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Monitoring ‘Marsquakes’

First Direct Seismic Measurements Reveal a Geologically Active Planet

By Kimbra Cutlip

InSight Mars Lander rendering

InSight rendering and photo courtesy of NASA/JPL-Caltech

In an artist's rendering, NASA's InSight lander operates on the surface of Mars. Below, InSight's seismometer sits on the Martian surface in February 2019.

A mission to find out what’s shaking on Mars—literally—shows that the red planet has a moderate level of seismic activity, with ground vibrations that fall short of those on Earth, but outstrip the moon’s. 

An international team that includes University of Maryland geologists released preliminary results from the InSight mission, which landed a probe on Mars in November 2018. Data from the mission’s Seismic Experiment for Interior Structure (SEIS) provided the first direct seismic measurements of the Martian subsurface and upper crust—the rocky outermost layer of the planet. The results were published yesterday in a special issue of the journal Nature Geoscience.

NASA's InSight Mars Lander used its Instrument Context Camera beneath the lander's deck to image these drifting clouds at sunset on the Red Planet.“This is the first mission focused on taking direct geophysical measurements of any planet besides Earth, and it’s given us our first real understanding of Mars’ interior structure and geological processes,” said Nicholas Schmerr, an assistant professor of geology at UMD and a co-author of the study. “These data are helping us understand how the planet works, its rate of seismicity, how active it is and where it’s active.”

The seismic data acquired over 235 Martian days showed 174 seismic events, or marsquakes. Of those, 150 were high-frequency events that produced ground shaking similar to that recorded on the moon by the Apollo program. The quakes’ waveforms show that seismic waves bounce around as they travel through the heterogeneous and fractured Martian crust. The other 24 quakes observed by SEIS were predominantly low-frequency events. Three showed two distinct wave patterns similar to quakes on Earth caused by the movement of tectonic plates. 

“These low-frequency events were really exciting, because we know how to analyze them and extract information about subsurface structure,” said Vedran Lekic, an associate professor of geology at UMD and a co-author of the study. “Based on how the different waves propagate through the crust, we can identify geologic layers within the planet and determine the distance and location to the source of the quakes.”

The researchers identified the source location and magnitude of three of the low-frequency marsquakes, and believe that 10 more are strong enough to reveal their source and magnitude once they are analyzed.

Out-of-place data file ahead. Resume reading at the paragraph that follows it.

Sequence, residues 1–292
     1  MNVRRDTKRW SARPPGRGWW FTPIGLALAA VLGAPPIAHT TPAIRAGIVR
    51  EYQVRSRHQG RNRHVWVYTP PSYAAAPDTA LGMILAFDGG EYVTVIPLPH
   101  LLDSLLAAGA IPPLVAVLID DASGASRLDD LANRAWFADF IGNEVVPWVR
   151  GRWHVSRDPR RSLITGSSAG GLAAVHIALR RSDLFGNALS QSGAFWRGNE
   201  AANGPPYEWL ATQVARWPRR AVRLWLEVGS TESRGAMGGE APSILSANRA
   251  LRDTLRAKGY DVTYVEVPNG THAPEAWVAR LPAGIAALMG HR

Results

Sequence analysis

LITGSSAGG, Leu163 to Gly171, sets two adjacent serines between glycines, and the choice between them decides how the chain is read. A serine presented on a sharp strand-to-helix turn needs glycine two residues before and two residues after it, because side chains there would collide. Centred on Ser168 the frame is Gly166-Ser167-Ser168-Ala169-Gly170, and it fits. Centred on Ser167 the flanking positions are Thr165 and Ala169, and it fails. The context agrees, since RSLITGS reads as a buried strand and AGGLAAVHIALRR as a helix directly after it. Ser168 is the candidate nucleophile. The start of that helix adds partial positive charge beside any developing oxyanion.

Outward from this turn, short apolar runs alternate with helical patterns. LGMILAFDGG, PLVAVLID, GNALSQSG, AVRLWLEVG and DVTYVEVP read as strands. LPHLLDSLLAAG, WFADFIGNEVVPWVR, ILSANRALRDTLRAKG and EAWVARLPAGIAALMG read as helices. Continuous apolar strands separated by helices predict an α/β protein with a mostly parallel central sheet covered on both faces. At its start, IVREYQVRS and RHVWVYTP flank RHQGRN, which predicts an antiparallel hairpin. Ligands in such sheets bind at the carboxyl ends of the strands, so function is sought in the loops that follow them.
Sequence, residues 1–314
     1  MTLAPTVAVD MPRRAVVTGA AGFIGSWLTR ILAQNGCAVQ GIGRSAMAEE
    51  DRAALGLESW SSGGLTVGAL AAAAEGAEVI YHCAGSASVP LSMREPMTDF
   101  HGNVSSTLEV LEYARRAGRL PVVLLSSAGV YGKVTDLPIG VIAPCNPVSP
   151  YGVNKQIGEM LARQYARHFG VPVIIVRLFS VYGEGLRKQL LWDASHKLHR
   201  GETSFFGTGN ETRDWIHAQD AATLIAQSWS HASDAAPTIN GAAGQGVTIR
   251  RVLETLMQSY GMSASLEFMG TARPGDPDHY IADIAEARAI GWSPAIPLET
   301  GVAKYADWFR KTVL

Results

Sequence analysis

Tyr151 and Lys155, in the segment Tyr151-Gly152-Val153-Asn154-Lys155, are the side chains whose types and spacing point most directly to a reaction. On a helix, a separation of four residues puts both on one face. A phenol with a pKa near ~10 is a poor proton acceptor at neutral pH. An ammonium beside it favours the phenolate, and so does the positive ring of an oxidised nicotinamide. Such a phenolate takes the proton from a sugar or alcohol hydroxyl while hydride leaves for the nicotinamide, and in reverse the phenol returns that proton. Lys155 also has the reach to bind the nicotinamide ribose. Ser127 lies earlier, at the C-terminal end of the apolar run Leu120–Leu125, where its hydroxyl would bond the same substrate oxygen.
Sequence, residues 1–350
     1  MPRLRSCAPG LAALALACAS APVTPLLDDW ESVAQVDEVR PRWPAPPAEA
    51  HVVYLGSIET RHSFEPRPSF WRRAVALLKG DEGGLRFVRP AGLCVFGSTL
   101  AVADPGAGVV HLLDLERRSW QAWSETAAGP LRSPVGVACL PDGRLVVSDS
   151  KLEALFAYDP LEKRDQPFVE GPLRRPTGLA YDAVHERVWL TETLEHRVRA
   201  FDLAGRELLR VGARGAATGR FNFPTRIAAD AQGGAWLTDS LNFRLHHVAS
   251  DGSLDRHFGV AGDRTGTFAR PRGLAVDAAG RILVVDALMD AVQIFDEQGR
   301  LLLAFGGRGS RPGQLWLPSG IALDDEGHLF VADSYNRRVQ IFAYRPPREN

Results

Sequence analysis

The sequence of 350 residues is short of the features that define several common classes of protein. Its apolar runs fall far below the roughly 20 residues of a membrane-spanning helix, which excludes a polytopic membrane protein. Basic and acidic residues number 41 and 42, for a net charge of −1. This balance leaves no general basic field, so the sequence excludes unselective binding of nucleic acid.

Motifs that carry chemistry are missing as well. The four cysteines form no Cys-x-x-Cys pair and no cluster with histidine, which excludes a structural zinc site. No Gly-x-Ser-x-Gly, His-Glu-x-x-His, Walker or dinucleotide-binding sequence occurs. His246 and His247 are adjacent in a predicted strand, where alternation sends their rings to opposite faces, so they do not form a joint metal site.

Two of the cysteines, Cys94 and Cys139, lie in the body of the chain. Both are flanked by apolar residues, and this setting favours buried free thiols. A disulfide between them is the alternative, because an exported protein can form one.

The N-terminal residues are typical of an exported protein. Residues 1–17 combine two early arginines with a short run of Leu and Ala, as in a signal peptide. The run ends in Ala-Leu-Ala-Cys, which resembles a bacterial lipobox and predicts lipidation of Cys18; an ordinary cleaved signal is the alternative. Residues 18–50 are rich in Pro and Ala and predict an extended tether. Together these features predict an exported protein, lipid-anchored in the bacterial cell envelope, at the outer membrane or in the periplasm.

Understanding seismic processes can help answer bigger questions about the planet, Schmerr said. 

“Can it support life, or did it ever?” he said. “Life exists at the edge, where the equilibrium is off. Think of areas on Earth such as the thermal vents at the deep ocean ridges where chemistry provides the energy for life rather than the sun. If it turns out there is liquid magma on Mars, and if we can pinpoint where the planet is most geologically active, it might guide future missions searching for the potential for life.”

Detecting signs of life was the primary mission of the earlier Mars probes, Viking 1 and Viking 2, in the 1970s. Each carried seismometers, but they were mounted directly on the landers and provided no useful data. 

The InSight mission is dedicated specifically to geophysical exploration, so engineers worked to solve previous noise problems. A robotic arm on the lander placed the SEIS seismometer directly on the Martian ground some distance away to isolate it from the lander. The SEIS seismometer is sensitive enough to discern very faint ground vibrations, which on Mars are 500 times quieter than ground vibrations found in quietest locations on Earth. 

In addition, the seismometer provided important information about Martian weather: Winds pick up from about midnight through early morning, as cooler air rolls down from highlands in the southern hemisphere onto the Elysium Planitia plains in the northern hemisphere, where the lander is located. During the day, heating from the sun causes convective winds to build, reaching their peak in late afternoon. By evening, the winds die down, and conditions around the lander become quiet. From late evening until about midnight, atmospheric conditions are so quiet, the seismometer is able to detect the rumblings from deeper inside the planet. 

All of the marsquakes have been detected during these quiet periods at night, but the geologic activity likely persists throughout the day. 

“What is so spectacular about this data is that it gives us this beautifully poetic picture of what a day is actually like on another planet,” Lekic said. 

The InSight mission is scheduled to continue collecting data through 2020. 



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